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Gary Dean Best
Jacob Henry Schiff
Photograph, Portrait of Jacob Henry Schiff. Image available on the Internet and included in accordance with Title 17 U.S.C. Section 107.
Jacob Schiff and the Galveston Movement
Photograph, Jacob Schiff and the Galveston Movement. Image available on the Internet and included in accordance with Title 17 U.S.C. Section 107.
Grave of Jacob Henry Schiff
Photograph, Grave of Jacob Henry Schiff in New York City. Image available on the Internet and included in accordance with Title 17 U.S.C. Section 107.

SCHIFF, JACOB HENRY (1847–1920). Jacob Henry Schiff, investment banker and organizer of Jewish immigration to Texas, was born in Frankfurt am Main on January 10, 1847, the son of Moses and Clara (Niederhofheim) Schiff. He immigrated to the United States when he was eighteen and began a successful career in investment banking. He became senior partner in the Wall Street banking house of Kuhn, Loeb and Company, and by the early twentieth century Schiff and his firm were second only to J. P. Morgan in importance. His and E. H. Harriman's struggle against Morgan and J. J. Hill for control of the Northern Pacific Railroad brought on the stock-market panic of May 9, 1901. He floated Japanese bonds in the United States during the Russo-Japanese War (1904) and marketed the Chinese loan in 1911. Schiff participated in most Jewish charitable organizations and lobbied effectively for Jewish interests in Washington. He and other Jewish leaders succeeded in persuading the federal government to direct official remonstrances to Russia and Romania in 1903 on behalf of the human rights of Jews there. In 1907 Schiff launched the Jewish Immigrants Information Bureau to encourage Jewish immigration to the North American interior. Concentrations of Jewish immigrants on the East Coast, he believed, had encouraged anti-immigration efforts and anti-Semitic sentiment. Schiff committed $500,000 to the JIIB and hoped to move up to four million Jews into the interior of the United States and Canada within ten years. Because the immigrants disembarked at Galveston, the JIIB became known as the Galveston Movement. Because of difficulties with Jewish organizations in Europe and increasingly restrictionist-minded federal immigration officials at Galveston, fewer than 10,000 immigrants had entered through Galveston by 1914, when the Galveston Movement ended. Schiff's poor health prevented him from reviving the movement after World War I. On May 6, 1875, Schiff married Therese Loeb. They had two children. He died in New York City on September 25, 1920.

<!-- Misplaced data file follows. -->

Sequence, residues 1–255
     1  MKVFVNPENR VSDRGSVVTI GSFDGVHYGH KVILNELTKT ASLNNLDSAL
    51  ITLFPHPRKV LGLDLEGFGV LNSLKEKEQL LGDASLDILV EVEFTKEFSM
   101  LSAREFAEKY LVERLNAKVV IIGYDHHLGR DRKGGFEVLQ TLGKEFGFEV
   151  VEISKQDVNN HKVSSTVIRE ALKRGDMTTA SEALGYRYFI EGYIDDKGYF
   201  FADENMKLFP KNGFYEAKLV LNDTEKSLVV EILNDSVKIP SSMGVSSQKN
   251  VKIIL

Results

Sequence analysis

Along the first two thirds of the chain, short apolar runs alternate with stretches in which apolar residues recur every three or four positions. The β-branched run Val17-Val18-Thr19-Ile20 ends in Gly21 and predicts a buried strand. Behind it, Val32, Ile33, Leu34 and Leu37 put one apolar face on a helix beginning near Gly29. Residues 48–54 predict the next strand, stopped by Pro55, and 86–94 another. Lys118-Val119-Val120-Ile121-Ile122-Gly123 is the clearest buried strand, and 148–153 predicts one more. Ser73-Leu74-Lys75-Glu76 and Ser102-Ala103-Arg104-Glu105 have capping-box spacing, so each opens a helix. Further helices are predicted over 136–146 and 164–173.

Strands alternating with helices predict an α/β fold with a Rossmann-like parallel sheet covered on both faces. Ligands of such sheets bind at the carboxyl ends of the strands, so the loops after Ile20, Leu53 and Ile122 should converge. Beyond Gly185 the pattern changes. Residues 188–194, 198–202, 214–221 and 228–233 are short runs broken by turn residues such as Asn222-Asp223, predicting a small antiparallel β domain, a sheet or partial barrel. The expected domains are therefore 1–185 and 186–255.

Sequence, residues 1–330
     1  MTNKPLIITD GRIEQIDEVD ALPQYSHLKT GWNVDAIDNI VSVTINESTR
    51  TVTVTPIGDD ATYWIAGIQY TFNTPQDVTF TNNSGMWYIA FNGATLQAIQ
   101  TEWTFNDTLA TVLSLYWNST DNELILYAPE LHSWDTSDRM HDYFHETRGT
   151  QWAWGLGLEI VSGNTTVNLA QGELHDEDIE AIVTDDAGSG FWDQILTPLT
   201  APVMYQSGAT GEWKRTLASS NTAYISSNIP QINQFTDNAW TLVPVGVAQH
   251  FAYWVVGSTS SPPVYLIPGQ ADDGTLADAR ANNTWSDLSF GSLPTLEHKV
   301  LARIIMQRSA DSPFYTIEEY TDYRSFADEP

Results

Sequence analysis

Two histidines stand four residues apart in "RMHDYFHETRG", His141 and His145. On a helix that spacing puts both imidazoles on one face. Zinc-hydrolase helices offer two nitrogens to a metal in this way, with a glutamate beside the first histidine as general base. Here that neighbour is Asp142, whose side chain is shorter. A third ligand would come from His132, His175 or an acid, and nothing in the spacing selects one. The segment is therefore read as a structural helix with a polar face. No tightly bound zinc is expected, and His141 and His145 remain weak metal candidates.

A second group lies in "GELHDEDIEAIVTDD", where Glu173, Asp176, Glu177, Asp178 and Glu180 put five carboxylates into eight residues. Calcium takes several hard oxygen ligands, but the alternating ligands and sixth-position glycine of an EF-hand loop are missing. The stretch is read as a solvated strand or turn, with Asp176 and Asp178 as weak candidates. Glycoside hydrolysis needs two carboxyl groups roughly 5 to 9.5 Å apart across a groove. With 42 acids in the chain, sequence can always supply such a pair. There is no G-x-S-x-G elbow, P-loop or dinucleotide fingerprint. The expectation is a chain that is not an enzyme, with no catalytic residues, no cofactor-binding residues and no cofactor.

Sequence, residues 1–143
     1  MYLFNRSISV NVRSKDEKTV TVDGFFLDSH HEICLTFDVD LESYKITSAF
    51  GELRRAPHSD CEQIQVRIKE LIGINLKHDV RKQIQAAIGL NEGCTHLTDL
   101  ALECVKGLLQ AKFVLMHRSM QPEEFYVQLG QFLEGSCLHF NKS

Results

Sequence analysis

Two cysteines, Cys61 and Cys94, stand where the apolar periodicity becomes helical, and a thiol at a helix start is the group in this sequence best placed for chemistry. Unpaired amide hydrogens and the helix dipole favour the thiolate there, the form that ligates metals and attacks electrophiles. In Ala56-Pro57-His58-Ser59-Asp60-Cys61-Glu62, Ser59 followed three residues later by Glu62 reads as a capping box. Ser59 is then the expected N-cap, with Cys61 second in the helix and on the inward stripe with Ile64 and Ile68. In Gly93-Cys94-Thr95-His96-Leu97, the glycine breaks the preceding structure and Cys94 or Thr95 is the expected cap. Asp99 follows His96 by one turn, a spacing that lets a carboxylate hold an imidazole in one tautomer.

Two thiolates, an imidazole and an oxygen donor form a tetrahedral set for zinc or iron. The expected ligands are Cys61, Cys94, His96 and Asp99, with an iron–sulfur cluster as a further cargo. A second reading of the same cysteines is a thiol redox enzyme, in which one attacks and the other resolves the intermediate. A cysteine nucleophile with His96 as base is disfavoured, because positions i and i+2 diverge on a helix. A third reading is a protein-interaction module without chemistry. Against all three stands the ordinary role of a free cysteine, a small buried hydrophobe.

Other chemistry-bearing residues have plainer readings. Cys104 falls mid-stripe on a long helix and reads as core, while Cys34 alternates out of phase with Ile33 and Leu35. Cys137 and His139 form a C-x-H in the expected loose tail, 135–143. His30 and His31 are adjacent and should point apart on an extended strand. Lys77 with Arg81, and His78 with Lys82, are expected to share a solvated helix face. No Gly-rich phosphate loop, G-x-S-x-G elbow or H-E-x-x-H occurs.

Gary Dean Best, "Jacob H. Schiff's Galveston Movement: An Experiment in Immigration Deflection, 1907–1914," American Jewish Archives 30 (April 1978). Bernard Marinbach, Galveston: Ellis Island of the West (Albany: State University of New York Press, 1983).

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The following, adapted from the Chicago Manual of Style, 15th edition, is the preferred citation for this article.

Handbook of Texas Online, Gary Dean Best, "SCHIFF, JACOB HENRY," accessed July 11, 2020, http://www.tshaonline.org/handbook/online/articles/fsc53.

Uploaded on June 15, 2010. Modified on May 4, 2016. Published by the Texas State Historical Association.
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